Mars’ rugged terrain may have been carved out by acid fog, according to a new study.
In a paper presented this week to the Geological Society of America, researchers used data from the 2003 Mars Spirit rover to analyze Martian bedrock to show that acid vapor may have “eaten at the rocks” in a large area of 'Watchtower Class' outcrops.
"The special thing about Watchtower Class is that it's very widespread and we see it in different locations," said Shoshanna Cole, who is an assistant professor at Ithaca College and who is studying the area. “As far as we can tell, it's part of the ground there," which means that these rocks record environments that existed on Mars billions of years ago.”
Cole said the rocks, located on Husband Hill in the Columbia Hills of Gusev Crater on Mars, have the same chemical composition, but looked different to some of the instruments aboard the Spirit rover.
The instruments show that something had reacted with iron in the rocks to “different degrees.” Another instrument showed that the “minerals within the rocks changed and lost their structure, becoming less crystalline and more amorphous.”
Along the studied area, the rocks showed different ranges of iron oxidation in a small space of 30 meters. Small bumps on the rocks matched the difference in oxidation, said Cole.
"So we can see the [bumps] progress in size from west to east and the iron changes in the same way," Cole said. "It was super cool. That makes us think that they were made of the same stuff when they started out. Then something happened to make them different from each other.”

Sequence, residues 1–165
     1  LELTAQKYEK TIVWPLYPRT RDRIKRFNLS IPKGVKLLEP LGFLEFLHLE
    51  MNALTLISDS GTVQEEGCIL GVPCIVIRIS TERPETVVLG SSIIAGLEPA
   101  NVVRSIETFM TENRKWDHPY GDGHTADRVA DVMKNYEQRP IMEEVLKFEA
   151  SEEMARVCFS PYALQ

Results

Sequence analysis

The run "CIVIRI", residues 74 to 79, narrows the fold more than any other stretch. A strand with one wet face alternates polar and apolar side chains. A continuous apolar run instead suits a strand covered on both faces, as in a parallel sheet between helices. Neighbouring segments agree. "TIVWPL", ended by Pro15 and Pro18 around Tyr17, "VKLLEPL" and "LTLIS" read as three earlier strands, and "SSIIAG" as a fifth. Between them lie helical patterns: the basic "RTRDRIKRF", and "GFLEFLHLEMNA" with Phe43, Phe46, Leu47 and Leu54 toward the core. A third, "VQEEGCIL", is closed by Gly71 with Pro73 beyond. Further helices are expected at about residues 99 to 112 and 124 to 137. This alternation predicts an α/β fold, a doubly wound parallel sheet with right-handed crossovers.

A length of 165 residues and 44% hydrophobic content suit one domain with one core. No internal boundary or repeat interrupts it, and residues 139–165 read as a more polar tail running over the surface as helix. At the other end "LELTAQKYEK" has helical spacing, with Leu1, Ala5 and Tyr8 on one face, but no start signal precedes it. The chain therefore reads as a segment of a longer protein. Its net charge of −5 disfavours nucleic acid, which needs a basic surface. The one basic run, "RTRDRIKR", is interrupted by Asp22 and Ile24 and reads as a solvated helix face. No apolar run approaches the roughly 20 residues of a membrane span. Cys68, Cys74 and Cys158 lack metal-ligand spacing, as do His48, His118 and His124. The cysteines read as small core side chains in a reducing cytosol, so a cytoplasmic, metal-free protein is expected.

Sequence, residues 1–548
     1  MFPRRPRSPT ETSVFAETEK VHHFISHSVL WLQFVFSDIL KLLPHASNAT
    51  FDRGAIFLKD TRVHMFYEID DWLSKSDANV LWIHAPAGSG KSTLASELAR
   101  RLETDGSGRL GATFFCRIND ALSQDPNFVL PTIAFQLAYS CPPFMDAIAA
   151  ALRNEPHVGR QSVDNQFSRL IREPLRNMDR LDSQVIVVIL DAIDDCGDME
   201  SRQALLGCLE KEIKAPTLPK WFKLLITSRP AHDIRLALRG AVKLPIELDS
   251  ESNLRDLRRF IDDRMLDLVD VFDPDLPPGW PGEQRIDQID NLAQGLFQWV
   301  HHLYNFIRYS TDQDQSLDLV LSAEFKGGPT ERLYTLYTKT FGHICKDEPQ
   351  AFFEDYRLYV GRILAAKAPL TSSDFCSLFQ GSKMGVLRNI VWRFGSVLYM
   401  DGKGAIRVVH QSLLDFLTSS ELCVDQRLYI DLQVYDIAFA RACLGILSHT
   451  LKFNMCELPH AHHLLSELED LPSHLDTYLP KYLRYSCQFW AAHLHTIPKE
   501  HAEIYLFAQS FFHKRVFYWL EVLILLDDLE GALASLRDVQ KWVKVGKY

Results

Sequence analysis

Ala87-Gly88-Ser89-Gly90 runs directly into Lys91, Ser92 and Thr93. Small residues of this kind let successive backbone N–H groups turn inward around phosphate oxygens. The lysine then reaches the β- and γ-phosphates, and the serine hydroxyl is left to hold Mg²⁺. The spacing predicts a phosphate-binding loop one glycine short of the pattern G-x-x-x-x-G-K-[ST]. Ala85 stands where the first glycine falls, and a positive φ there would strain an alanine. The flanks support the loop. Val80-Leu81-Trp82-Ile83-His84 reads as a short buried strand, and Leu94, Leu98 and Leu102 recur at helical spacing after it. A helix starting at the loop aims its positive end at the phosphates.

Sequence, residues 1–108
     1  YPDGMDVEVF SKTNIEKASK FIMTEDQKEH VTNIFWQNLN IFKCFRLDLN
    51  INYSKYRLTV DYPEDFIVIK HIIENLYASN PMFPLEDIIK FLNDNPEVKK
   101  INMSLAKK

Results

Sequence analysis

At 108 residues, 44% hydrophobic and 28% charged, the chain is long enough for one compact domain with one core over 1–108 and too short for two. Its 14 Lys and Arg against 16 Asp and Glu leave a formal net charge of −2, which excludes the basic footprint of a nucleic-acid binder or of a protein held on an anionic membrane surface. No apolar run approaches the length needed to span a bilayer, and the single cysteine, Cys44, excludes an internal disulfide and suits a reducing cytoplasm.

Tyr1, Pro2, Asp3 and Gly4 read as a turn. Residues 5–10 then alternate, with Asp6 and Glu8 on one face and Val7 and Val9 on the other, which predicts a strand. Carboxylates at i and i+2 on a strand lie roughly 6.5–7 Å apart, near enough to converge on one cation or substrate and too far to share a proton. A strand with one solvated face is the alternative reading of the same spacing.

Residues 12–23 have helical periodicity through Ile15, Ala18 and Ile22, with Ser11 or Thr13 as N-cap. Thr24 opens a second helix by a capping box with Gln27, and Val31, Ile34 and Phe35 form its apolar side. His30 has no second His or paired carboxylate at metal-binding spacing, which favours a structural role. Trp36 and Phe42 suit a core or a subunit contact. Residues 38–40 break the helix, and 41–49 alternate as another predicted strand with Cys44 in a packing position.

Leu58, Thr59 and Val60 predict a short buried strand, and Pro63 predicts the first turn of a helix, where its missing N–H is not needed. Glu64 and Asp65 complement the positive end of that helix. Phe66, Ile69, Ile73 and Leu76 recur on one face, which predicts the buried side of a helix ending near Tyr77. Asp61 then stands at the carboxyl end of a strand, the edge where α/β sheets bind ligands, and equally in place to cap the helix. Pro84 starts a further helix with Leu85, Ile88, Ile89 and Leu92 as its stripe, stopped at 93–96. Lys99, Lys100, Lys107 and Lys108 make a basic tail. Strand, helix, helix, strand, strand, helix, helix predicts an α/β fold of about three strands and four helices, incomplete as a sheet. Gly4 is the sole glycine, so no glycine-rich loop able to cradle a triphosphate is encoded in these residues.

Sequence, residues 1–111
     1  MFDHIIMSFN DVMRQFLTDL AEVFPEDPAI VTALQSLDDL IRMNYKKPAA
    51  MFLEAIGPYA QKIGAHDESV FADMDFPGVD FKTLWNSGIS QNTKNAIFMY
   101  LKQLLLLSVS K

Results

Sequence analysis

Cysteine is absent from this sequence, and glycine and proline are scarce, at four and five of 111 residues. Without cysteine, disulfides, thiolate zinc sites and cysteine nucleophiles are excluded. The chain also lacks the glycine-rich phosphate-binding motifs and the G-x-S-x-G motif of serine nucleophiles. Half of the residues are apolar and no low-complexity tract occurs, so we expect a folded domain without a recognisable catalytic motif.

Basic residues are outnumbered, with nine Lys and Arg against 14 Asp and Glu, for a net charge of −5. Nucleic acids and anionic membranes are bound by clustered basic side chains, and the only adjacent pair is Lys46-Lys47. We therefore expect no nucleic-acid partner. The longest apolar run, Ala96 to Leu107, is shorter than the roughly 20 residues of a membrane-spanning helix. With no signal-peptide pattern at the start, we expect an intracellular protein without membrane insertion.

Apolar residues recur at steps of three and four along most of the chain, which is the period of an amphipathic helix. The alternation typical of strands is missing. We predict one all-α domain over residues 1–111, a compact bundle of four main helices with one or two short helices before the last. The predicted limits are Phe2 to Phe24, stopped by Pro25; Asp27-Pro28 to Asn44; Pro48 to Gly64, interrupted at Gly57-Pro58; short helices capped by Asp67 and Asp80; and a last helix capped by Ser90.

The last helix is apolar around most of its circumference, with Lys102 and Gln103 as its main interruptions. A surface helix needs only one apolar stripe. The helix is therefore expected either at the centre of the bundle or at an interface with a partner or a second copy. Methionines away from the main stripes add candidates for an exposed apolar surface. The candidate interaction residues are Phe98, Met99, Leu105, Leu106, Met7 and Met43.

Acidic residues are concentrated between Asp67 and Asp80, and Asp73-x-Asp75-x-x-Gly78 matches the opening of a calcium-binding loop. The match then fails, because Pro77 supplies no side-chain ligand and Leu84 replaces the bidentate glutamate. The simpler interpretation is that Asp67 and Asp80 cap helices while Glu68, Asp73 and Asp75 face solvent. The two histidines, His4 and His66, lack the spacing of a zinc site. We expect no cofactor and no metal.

Cole thinks acid fog could explain the differences.
When exposed to the fog, some of the rocks’ minerals were dissolved, “forming a gel,” and when the water from the fog evaporated, it left behind a “cementing agent” leading to the formation of the bumps.
"So nothing is being added or taken away, but it was changed," Cole said. "This would have happened in tiny amounts over a very long time. There's even one place where you see the cementing agent healing a fracture. It's pretty awesome. I was pretty happy when I found that one."
Cole’s findings build on a 2004 study that showed mock Martian rocks lose their crystalline structure when exposed to acid.
Why was there such a difference over such a relatively small span? Cole believes microclimates are the cause.
The amount of time the gel-like substance was on the rocks depended on wind and sun exposure. The most chemically altered rocks were not as exposed to the sun, while those showing less changes were in sunnier areas, Cole said.
Robotic Spirit’s mission to Mars ended in 2010.